The mission of The Philanthropy Roundtable is to foster excellence in philanthropy, protect philanthropic freedom, and help donors advance liberty, opportunity, and personal responsibility. This briefing focuses on philanthropic freedom—what it means and why it matters.
Philanthropic freedom is
1) the individual or organization’s freedom to exercise human generosity by making voluntary charitable donations for the sake of the well-being and improvement of society, broadly understood, as well as
2) the individual or organization’s freedom from restriction or coercion in the exercise of such generosity.
The Philanthropy Roundtable endeavors to protect both aspects of philanthropic freedom, supporting donors’ ability to voluntarily donate their private funds how and where they like. We recognize that the voluntary nature of charitable giving lies at the heart of this nation’s philanthropic tradition and is an essential prerequisite for continued generosity. Philanthropic freedom gives us the creative diversity of interests and approaches that has characterized centuries of American charity, resulting in a vibrant civil society.
The roots of philanthropic freedom can be found in common law’s core principles concerning private property, i.e., the right to acquire, possess and dispose of one’s assets. Those roots were strengthened in written law and further nurtured by the First Amendment freedoms enshrined in the American Constitution. Donors exercise their rights to freedom of expression, assembly, and religion when they engage in private charitable giving.
Philanthropic freedom, however, is not universally recognized, and criticisms of private philanthropy are nothing new. There was considerable antagonism in the late nineteenth and early twentieth centuries toward the great wealth amassed by men like Andrew Carnegie and John D. Rockefeller, and also toward their plans to protect and direct that wealth through private foundations. “Money made through the labor of others is not theirs to give away” was a common refrain of progressive elites and of workers and their unions. During the hearings of the Commission on Industrial Relations held from 1912 to 1915, private foundations were characterized, in the testimony of Rev. John Haynes Holmes of the New York Church of the Messiah (and later board chairman of the American Civil Liberties Union), as “essentially repugnant to the whole idea of a democratic society.” Commission Chairman Frank P. Walsh, a Kansas City labor lawyer, called big foundations “a menace to the welfare of society” and asked whether it would not be better to tax “all large incomes to pay for a scheme of accident, health, and old-age insurance.”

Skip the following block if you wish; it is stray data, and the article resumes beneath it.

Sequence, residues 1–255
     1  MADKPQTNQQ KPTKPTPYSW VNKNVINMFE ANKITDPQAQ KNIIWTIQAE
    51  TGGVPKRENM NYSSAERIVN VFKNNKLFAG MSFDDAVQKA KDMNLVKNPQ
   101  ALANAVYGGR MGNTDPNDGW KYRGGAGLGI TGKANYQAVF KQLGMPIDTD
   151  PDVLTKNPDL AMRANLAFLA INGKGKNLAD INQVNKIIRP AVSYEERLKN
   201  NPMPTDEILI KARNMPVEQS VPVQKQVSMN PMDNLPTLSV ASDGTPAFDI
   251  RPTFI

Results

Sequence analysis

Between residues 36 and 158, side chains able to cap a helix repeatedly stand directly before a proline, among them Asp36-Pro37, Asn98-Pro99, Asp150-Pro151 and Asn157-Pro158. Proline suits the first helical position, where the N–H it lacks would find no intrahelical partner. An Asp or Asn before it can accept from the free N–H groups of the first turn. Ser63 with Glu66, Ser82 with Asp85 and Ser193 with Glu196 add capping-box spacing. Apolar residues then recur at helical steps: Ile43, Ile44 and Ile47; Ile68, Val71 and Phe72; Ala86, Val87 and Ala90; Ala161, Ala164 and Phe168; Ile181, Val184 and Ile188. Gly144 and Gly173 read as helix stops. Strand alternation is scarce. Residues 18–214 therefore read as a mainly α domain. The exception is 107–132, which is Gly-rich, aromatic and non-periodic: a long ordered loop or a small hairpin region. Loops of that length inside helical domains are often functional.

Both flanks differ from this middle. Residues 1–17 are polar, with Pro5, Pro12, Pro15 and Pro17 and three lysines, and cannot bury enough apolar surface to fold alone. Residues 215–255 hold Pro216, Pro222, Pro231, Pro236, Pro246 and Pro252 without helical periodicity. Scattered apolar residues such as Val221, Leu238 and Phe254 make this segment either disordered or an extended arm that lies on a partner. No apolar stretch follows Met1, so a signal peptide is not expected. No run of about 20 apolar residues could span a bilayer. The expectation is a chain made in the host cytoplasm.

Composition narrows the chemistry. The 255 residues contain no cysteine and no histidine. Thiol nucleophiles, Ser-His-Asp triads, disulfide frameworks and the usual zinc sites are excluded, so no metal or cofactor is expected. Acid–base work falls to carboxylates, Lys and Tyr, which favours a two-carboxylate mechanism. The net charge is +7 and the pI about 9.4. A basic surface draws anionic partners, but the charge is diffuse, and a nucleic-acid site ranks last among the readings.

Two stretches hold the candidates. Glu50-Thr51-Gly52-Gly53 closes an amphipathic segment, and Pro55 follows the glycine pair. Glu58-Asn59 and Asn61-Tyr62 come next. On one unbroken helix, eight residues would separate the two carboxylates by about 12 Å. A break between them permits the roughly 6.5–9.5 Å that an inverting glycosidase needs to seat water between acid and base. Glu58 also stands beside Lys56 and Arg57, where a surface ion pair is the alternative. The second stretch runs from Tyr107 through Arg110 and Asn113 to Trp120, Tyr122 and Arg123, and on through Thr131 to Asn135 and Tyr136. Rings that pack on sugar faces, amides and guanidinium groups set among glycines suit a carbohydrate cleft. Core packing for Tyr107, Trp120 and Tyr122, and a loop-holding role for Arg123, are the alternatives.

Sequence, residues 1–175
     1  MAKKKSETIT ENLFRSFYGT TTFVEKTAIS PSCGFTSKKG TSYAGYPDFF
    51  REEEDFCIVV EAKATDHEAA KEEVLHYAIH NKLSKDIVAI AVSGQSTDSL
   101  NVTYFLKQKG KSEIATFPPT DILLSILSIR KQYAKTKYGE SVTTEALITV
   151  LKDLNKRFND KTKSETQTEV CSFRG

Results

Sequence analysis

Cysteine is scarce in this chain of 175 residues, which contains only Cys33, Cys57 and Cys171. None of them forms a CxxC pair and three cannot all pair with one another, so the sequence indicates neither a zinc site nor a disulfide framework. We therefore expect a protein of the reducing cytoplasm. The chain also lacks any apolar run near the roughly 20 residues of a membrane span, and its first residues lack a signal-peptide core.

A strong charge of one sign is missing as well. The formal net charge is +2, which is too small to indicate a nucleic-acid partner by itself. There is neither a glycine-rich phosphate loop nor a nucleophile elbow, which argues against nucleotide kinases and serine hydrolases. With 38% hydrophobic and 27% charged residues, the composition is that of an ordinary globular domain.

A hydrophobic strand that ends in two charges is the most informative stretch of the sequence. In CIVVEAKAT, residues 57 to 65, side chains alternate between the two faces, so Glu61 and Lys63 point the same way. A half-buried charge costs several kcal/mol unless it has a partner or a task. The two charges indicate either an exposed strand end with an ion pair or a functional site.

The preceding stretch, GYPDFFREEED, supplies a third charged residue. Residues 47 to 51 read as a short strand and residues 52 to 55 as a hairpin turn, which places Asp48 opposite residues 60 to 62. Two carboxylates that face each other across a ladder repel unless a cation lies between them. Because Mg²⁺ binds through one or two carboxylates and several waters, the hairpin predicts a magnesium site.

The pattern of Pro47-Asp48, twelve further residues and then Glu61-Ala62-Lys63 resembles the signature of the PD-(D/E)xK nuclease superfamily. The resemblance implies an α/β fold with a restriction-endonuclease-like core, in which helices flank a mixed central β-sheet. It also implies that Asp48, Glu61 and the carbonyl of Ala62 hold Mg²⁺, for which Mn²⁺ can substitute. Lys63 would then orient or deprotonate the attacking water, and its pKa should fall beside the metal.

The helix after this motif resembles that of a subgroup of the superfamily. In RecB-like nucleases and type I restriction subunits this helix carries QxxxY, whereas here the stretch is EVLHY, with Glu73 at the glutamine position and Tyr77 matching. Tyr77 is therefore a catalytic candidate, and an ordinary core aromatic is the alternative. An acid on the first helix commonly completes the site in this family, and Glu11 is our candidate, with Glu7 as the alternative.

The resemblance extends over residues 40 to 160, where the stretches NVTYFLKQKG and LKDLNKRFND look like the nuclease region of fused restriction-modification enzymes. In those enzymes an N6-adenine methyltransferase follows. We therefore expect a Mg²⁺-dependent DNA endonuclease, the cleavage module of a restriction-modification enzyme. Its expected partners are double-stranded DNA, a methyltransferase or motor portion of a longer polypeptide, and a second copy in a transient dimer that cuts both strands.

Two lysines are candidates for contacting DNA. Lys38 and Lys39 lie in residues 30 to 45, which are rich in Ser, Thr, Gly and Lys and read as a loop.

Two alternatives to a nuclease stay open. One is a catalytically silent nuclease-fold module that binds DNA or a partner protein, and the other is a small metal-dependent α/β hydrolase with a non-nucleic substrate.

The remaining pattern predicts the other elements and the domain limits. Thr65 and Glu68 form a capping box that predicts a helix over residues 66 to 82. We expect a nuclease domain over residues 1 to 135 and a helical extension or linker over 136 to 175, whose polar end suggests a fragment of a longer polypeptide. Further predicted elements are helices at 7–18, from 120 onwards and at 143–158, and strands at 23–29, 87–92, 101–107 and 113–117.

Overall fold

The development of tax law around nonprofit organizations has also contributed to arguments against private philanthropy. Charitable tax exemption was firmly established in federal law in 1909, and the charitable deduction in 1917. This has led philanthropy critics like National Committee for Responsive Philanthropy President and CEO Aaron Dorfman and others to suggest that philanthropic assets are—at least in part—“public money” because they receive government “subsidies” in the form of tax deductions and exemptions. They are wrong. Such tax provisions are not subsidies, but rather protections that insulate private giving from government control (though not from reasonable regulation). Evelyn Brody and John Tyler recognized this in The Philanthropy Roundtable’s 2012 publication, How Public is Private Philanthropy?, noting that “with the charitable deduction, the donor, not the government, decides whether to give at all, in what amounts and forms, to which qualified charities, and whether any designations or restrictions accompany the contributions.”
Contemporary critics also echo many of the earlier complaints, arguing that private philanthropy is, by nature, anti-democratic and little more than a convenient and tax-free vehicle to “mask” and “sanitize” the sources of wealth. Society would benefit, they claim, if charitable assets were instead paid in taxes because elected officials would be more likely to direct those resources to our most critical problems. Advocates of this sort of state-controlled centralization ignore what is truly democratic—a pluralistic system in which citizens are free to make decisions about the health and well-being of an independent civil society, and equally free to take voluntary action in that sphere.
No matter where their arguments begin, the opponents of philanthropic freedom inevitably end up in the same place—calling for new rules and regulations that will limit or destroy your ability to decide where to give and how to give.